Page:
The director of the Federal Bureau of Prisons resigned last week because of an "ideological turf war" between Attorney General Jeff Sessions and senior White House adviser Jared Kushner over prison reform, a new report says.
After less than a year on the job, Mark Inch offered his resignation to Deputy Attorney General Rod Rosenstein last week, telling Rosenstein he was tired of the administration disregarding "departmental norms," The New York Times reported Thursday, citing three officials with knowledge of the situation.
Inch felt marginalized by Kushner, President Donald Trump's son-in-law, in discussions on the prison reform legislation, according to the Times. The bill, the First Step Act, is supported by Kushner and passed the House on Tuesday with bipartisan support, but it has hit a road block in the Senate.
Inch also clashed with Sessions over staff appointments at the prisons bureau and felt excluded by Sessions from major budget and policy decisions, the Times reported.
The Times reported that Inch was caught in the middle of Kushner and Sessions' struggle over federal sentencing in the legislation, with Kushner supporting more leniency and Sessions against it.
The First Step Act would expand access for some prisoners to programs geared at reducing recidivism and offer eligible inmates chances to serve their sentences in custody outside of prison, but would not make changes in the severity of federal sentencing guidelines.
Two senior White House officials also told the newspaper that Kushner invited Inch to meetings on the proposed legislation, but Sessions often sent other Justice Department officials instead.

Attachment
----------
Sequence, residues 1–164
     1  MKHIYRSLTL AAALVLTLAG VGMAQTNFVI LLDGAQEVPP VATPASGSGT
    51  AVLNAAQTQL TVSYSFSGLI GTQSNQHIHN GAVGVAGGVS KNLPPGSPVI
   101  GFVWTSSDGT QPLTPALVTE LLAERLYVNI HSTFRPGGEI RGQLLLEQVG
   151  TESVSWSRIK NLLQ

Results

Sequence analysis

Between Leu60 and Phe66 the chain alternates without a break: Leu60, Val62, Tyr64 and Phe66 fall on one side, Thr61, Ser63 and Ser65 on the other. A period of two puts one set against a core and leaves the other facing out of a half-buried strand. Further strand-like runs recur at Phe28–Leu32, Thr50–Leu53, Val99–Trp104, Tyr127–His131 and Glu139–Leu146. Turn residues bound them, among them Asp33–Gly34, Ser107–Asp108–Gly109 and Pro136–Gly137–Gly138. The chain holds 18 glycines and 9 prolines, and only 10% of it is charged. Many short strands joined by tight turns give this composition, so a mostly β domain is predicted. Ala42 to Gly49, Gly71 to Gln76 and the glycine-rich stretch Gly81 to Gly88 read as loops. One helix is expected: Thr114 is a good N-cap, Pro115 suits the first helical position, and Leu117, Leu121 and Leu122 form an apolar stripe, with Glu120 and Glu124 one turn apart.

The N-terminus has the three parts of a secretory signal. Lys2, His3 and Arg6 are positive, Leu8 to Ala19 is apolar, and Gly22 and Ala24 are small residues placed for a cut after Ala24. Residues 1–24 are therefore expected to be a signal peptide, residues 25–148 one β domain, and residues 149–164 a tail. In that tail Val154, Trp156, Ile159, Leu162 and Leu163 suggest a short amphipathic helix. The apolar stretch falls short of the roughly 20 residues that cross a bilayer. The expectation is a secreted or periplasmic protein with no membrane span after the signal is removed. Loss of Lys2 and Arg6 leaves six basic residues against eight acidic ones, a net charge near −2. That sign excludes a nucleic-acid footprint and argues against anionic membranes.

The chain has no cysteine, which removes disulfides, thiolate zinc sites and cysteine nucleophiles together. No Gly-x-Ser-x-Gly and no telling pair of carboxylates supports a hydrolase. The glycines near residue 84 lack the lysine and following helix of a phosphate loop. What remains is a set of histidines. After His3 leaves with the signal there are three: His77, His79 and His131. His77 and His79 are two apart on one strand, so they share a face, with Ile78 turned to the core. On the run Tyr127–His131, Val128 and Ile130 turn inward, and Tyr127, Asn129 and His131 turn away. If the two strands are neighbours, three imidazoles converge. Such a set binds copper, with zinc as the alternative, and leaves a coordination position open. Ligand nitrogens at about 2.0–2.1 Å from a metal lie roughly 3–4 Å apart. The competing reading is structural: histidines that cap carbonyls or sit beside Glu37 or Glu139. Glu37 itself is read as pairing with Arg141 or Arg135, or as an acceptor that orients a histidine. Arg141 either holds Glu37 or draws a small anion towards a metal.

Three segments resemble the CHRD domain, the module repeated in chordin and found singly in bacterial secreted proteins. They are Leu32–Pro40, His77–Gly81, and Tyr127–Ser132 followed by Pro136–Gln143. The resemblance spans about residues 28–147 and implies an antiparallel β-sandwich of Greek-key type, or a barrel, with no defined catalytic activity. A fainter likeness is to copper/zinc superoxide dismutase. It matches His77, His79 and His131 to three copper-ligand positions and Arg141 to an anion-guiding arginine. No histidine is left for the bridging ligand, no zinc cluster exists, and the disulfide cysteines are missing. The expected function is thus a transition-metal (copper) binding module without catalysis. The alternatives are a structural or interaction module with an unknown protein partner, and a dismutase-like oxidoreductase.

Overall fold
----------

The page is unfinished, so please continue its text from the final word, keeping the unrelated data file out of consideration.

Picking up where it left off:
CNN has reached out to Inch for comment. Justice Department spokeswoman Sarah Isgur Flores told CNN, "The attorney general firmly stands behind the principles of prison reform. On this specific bill, we have worked closely with the team to offer suggestions that we believe will protect safety and improve rehabilitative outcomes."
It was announced in August 2017 that Inch, a retired Army major general, would take the reins overseeing the agency.
"As a military policeman for nearly a quarter of a century and as the head of Army Corrections for the last two years, General Inch is uniquely qualified to lead our federal prison system," Sessions said at the time.
Last Friday, Sessions announced that Hugh Hurwitz, an assistant director for reentry services at the bureau, would serve as the acting director following Inch's resignation -- the same day that Kushner held a prison reform summit at the White House and gave a shout out to Inch.
In the statement, Sessions thanked Inch for his service and wished him "luck in his future endeavors."
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